Marriage should Encourage Growth not Suffocation

Marriage should Encourage Growth not Suffocation

SCRUBCO: The letter O for Open to Change-

Let’s face it; we humans are creatures of habit. The first thing my son’s pediatrician told me after his birth, “get him on a schedule. It’ll make everyone’s life easier. And he’ll be happier.” I tried to follow that advice, setting up scheduled feeding times, nap times, bath time, and bedtime. Eventually, whether he put me on his schedule, or I put him on mine, it seemed to work. During both my sons’ toddler years, they delighted in the ritual of bedtime: bath, pajama selection, story, lullaby and prayers. The predictability of it created an atmosphere of safety, which soothed them into their dream state.

Is our need for familiarity that much different in adulthood? Human beings, no matter what their age, find comfort in knowing what’s going to happen next. And when the unpredictable happens like a natural disaster, car accident, or violent attack, we find it most therapeutic to recalibrate ourselves with tradition and ritual as cleansing for both the body and the spirit.

The concept of marriage is attractive to many people because it’s the ultimate promise of familiarity. Knowing your partner, his likes, dislikes, habits and desires creates a kind of certainty that keeps us anchored. Even when these habits and characteristics seem more like character flaws, we often struggle to maintain the status quo because in the words of a friend of mine who was contemplating divorce, “at least with him, I know what I’m getting.”

While maintaining homeostasis, or standing still, may be an effective way to function for a time, life just doesn’t operate on that principal alone. In fact, a certain amount of chaos, uncertainty and change are inevitable and provide our greatest opportunities for growth.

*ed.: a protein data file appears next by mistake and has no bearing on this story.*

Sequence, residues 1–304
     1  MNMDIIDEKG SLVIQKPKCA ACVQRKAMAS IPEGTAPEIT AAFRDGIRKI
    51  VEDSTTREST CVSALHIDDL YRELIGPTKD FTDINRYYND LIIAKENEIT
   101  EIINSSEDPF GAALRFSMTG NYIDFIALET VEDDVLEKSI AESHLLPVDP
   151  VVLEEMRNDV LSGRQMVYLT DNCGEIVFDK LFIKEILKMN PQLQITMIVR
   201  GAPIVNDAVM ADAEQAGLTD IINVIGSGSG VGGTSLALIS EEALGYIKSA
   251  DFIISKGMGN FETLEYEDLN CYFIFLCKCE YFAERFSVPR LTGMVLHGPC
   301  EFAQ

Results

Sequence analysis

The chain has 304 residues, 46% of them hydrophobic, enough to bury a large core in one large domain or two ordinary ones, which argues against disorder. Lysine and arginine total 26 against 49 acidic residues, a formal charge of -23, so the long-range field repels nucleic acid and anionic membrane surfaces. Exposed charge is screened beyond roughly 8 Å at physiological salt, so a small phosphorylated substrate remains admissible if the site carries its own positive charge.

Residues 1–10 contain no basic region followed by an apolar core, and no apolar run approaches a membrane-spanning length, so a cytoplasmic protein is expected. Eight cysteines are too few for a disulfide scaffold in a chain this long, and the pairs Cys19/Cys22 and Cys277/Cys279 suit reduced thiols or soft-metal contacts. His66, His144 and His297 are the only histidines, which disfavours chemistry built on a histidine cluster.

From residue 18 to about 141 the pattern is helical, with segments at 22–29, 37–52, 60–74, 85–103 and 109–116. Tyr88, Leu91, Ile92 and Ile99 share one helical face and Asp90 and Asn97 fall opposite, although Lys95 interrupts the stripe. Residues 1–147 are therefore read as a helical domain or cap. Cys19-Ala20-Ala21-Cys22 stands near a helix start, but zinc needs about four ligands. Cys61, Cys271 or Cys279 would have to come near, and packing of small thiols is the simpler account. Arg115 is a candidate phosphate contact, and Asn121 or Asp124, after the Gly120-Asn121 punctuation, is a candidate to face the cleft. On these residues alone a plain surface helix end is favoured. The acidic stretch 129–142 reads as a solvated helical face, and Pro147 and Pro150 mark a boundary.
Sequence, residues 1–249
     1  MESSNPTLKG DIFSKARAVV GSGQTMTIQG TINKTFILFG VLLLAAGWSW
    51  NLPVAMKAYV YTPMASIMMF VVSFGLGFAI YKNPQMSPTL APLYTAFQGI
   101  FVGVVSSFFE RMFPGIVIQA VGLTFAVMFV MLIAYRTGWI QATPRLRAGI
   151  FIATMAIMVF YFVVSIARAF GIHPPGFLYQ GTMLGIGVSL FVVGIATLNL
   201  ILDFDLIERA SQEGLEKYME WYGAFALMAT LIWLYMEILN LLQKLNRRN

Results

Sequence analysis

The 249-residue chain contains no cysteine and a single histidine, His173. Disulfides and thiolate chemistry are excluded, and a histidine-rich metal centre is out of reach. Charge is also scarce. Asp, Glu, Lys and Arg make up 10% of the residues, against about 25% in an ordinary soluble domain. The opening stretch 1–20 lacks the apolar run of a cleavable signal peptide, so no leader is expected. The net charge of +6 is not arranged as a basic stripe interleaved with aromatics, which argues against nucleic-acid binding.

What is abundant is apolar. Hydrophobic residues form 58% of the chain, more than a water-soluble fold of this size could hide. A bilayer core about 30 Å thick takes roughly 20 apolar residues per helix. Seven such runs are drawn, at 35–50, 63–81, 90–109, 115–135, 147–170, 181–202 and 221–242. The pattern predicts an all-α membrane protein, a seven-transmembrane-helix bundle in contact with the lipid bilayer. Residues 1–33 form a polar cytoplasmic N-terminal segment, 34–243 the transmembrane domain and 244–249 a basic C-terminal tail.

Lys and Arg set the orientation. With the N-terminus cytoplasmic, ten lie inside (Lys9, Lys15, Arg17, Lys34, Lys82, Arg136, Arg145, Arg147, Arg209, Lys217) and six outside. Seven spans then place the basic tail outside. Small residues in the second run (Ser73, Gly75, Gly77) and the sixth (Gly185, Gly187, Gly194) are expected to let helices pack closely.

The same is true of marriage. A marriage that requires both parties to stagnate is unhealthy. The dynamic relationship that encourages fluidity and creativity between partners has a far greater chance for survival because what’s more malleable is less likely to break.

That’s why, the final concept in SCRUBCO, Open to Change, may be the most important concept of all. To be clear, I’m not talking about someone’s willingness to try a new restaurant. Open to Change refers to a person’s ability to explore new possibilities for personal transformation and growth. When each party is open to change it means each is willing to reframe her thinking, which impacts how she operates in the world. In other words, it refers to a person’s willingness to explore and adapt her world-view as she collects new knowledge and life experiences.

I’m not saying being open to change is easy. And if only one person is open to change, while the other remains metaphorically stuck, parties risk creating a relationship that’s out of balance in regard to power. To nurture a marriage where both parties are open to change requires all the other SCRUBCO concepts. Sharing goals, creating safe space for good communication, respecting each other, practicing uniting behaviors, having similar beliefs, and learning to collaborate build a strong foundation for engaging in a dynamic marriage.

No doubt, marriage has the potential to be a profoundly rewarding experience. But a word of caution: the most important relationship you’ll ever have is the relationship you have with yourself. If you sacrifice that one, every other relationship is sure to be damaged.


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